#3 Top Post: Is Non-Alcoholic Beer a Safe Option for Alcoholics? This is a contentious question and I have taken some major slams for my opinion but hey, I get it: Some people protect their sobriety ferociously because it is life or death. I wrote this over two years ago and got several “you’re gonna relapse!” messages as a result, but as you can see I am still going strong despite the occasional non-alcoholic beer. Check it out and consider where you stand on this issue.

MY FAVS:

If I didn’t love it, I wouldn’t post it. But….looking back I sometimes cringe at my obvious denial or shortsightedness in some posts. It is tempting to go back and edit out those parts, or at least provide a sidebar to explain my evolution of perspective, but I’ve decided to let them stand as written to document my overall of growth and change.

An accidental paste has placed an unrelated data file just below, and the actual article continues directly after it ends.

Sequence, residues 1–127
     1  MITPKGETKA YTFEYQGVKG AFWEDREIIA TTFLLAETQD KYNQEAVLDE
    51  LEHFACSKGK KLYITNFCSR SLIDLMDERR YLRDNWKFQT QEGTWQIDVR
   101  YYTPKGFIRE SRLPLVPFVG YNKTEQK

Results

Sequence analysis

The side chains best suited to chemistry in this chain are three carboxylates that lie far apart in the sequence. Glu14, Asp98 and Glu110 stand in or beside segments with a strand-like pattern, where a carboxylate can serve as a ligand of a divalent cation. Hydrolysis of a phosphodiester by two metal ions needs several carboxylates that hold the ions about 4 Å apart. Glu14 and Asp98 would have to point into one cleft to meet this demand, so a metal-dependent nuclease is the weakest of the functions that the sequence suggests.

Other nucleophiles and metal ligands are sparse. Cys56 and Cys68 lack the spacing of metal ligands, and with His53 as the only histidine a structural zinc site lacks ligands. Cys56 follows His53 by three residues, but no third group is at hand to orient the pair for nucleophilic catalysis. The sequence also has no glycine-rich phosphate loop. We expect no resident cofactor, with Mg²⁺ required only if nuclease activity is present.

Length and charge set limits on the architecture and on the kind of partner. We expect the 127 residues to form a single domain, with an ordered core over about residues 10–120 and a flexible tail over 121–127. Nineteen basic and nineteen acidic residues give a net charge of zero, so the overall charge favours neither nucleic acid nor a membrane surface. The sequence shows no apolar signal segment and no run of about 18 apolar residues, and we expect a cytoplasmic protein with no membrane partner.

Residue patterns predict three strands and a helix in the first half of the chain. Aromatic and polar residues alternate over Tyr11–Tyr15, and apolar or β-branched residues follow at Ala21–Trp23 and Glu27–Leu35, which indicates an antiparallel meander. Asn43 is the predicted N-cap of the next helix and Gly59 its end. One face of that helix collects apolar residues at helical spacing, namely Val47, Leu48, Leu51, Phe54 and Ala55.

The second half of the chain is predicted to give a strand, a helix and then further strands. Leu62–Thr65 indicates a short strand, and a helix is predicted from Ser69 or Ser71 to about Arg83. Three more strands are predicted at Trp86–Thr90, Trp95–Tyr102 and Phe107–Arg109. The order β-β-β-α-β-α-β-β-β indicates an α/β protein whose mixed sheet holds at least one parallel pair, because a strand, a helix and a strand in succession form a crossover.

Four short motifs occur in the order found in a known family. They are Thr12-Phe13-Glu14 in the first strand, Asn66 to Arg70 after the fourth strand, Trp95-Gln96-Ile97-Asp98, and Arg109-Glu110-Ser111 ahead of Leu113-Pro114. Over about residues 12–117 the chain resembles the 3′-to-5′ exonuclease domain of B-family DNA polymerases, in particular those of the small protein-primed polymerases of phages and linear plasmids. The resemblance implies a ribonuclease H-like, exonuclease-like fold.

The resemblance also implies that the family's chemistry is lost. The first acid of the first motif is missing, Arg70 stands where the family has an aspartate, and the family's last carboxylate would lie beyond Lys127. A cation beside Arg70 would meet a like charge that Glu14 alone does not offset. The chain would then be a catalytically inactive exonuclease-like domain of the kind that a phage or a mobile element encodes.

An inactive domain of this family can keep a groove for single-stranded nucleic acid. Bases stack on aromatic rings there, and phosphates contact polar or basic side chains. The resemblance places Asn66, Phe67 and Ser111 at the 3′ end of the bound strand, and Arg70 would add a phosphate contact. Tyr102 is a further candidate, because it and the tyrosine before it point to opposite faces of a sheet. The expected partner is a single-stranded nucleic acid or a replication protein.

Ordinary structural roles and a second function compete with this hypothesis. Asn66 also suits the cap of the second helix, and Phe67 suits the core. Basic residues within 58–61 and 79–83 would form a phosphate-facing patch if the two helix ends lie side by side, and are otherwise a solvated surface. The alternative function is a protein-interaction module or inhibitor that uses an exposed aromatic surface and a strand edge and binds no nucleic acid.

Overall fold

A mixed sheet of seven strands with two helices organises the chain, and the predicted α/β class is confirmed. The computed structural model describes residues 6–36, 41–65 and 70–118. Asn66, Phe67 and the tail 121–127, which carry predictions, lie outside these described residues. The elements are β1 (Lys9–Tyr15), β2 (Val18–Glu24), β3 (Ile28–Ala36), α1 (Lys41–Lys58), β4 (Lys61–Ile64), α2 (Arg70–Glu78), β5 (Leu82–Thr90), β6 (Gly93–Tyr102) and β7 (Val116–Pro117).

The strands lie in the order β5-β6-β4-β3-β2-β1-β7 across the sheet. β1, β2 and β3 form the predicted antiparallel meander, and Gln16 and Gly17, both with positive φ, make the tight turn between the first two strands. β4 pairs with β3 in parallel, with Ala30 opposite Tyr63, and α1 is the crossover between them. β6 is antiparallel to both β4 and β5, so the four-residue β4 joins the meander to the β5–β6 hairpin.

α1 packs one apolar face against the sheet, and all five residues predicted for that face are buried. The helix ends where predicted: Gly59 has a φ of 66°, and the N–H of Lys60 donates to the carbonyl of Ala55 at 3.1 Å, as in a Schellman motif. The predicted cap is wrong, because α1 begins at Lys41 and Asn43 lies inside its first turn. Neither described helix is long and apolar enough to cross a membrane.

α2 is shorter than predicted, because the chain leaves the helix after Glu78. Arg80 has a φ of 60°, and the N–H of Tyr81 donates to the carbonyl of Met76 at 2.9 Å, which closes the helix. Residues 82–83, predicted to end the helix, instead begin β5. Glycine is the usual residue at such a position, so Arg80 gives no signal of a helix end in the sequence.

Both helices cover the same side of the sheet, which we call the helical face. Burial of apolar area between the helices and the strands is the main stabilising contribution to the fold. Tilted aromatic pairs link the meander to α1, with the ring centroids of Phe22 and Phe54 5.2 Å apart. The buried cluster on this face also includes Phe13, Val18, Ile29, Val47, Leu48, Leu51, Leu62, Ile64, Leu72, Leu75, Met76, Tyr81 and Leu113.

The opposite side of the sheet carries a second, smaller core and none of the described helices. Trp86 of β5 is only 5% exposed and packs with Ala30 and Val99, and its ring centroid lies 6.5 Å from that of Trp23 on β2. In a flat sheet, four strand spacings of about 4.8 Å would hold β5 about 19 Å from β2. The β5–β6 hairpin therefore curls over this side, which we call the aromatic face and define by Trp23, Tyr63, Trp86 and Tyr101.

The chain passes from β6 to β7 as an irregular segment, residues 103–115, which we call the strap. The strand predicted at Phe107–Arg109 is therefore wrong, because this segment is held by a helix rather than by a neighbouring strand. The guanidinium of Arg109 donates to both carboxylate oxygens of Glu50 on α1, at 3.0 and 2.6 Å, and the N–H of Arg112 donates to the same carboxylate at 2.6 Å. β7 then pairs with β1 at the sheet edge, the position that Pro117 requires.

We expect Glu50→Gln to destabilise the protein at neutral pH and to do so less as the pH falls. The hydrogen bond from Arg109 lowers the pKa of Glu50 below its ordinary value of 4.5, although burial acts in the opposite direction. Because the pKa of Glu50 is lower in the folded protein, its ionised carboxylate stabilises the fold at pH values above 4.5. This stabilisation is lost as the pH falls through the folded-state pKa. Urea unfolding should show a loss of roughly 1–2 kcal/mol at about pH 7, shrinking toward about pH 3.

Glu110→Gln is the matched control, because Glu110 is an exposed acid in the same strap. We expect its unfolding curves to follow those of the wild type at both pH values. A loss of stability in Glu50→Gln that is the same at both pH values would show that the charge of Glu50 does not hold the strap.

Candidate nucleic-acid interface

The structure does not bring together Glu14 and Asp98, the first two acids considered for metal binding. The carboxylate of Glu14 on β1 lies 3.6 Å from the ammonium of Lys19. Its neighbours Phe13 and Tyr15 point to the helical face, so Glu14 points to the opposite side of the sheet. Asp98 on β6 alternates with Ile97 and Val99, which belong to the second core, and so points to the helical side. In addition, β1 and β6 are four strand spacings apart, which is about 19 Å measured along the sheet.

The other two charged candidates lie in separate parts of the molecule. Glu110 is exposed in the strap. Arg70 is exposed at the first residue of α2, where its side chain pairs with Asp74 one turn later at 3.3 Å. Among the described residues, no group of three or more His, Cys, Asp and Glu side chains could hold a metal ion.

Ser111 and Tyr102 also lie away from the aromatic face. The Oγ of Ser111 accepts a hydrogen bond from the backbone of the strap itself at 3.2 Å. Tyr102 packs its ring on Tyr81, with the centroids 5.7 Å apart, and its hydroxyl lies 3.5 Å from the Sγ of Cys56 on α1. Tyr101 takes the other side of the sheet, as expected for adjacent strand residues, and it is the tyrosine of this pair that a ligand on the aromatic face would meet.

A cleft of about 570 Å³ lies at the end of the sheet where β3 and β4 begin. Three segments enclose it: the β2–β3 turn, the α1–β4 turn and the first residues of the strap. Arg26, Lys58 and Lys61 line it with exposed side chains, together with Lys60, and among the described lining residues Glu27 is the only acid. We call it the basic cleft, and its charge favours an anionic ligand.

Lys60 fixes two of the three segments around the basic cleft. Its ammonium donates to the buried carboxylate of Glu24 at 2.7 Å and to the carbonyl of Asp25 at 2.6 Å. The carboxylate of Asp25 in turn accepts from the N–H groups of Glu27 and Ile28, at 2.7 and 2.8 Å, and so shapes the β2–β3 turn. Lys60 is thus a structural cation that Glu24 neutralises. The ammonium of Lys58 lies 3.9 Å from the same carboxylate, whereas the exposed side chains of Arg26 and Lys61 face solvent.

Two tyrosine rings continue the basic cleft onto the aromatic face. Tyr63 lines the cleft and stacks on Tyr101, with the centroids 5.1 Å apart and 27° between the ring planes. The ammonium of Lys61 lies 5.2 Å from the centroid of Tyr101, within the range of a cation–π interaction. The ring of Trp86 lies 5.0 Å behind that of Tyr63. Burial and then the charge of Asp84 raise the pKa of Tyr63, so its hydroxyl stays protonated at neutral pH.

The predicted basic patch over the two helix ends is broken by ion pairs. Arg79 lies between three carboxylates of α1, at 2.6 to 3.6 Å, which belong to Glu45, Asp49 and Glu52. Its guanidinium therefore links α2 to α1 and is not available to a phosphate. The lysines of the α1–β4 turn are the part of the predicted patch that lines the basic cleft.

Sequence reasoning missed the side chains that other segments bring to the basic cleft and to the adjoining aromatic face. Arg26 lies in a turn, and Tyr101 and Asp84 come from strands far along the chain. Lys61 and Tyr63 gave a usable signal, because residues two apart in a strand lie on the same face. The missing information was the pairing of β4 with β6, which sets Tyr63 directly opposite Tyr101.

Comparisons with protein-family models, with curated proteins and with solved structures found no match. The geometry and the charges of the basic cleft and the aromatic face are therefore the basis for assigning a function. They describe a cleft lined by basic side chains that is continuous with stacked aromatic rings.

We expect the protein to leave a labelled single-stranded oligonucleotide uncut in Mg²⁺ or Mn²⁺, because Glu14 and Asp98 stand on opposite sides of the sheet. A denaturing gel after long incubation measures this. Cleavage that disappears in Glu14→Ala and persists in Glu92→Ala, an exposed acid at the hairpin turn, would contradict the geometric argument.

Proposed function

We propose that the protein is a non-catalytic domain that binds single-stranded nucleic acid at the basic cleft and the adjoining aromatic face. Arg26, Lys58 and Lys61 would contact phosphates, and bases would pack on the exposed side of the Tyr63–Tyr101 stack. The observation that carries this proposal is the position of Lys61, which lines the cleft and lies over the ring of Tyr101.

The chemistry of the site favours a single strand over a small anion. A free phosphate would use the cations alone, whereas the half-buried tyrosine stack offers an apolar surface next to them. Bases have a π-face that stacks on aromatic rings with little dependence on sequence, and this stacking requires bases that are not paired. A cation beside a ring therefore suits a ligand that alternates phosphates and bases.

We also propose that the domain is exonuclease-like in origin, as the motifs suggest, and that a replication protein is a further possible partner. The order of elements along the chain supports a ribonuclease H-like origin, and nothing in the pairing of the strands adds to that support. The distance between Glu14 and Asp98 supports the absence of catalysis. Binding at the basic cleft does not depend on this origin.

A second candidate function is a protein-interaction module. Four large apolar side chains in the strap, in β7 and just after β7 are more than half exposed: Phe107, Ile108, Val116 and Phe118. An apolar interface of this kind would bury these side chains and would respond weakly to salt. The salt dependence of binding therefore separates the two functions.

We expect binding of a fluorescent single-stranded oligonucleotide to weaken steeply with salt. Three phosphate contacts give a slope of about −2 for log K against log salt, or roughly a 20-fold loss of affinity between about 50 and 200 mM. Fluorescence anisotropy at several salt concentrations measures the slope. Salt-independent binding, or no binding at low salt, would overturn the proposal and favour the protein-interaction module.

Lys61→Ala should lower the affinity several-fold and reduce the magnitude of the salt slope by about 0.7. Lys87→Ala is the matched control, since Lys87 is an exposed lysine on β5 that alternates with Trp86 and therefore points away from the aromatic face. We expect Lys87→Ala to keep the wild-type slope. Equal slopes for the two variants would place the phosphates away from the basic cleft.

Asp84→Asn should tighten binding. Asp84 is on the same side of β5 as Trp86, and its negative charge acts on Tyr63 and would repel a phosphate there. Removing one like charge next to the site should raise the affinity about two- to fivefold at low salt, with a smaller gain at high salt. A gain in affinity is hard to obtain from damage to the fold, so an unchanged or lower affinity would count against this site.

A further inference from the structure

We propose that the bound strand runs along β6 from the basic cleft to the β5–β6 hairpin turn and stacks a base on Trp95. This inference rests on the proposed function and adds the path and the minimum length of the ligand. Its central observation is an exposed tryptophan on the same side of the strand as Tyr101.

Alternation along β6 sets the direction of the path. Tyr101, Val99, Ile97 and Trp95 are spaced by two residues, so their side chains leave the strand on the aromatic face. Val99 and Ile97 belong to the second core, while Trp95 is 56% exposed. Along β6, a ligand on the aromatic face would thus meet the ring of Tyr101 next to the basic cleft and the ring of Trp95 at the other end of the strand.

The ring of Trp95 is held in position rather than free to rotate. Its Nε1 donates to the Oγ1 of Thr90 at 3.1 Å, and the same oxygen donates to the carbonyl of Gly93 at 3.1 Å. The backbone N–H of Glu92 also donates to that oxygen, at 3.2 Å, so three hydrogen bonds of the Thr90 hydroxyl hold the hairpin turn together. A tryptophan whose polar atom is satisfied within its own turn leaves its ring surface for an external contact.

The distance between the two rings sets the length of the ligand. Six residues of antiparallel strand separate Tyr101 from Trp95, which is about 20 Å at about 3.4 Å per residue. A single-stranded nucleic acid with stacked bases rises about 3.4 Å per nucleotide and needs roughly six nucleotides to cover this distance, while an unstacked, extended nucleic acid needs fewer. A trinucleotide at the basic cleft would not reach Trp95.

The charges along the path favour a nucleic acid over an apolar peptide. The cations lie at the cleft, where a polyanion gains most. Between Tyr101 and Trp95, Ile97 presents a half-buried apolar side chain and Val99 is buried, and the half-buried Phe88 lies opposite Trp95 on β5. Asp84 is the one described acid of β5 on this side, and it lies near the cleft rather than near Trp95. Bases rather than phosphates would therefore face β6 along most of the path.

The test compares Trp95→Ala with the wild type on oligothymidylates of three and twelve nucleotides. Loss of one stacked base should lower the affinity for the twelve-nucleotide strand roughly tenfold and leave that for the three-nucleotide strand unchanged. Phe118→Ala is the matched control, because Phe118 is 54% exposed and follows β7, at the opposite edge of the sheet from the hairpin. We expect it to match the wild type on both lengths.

The ones I’ve highlighted below were especially insightful as I wrote them and sparked some great exchanges in the comments sections.

Are You A Recovery Hero? My English degree comes in handy occasionally, like trying to sort out my life according to narrative tools like the hero’s journey.

Don’t Give Up I felt sick to my stomach after posting this  utterly vulnerable truth bomb but willing to lay it all out there in hopes of helping someone. It did help others, it still does. And it still scares me a little.

The Drama Triangle I love this tool, love it. Understanding the Karpman Drama Triangle changed my life. Check it out and see how you can apply this powerful insight to address patterns of behaviour you fall into yourself.

Total Fatty

Escaping my escape mechanisms.

Hurrah for coffee!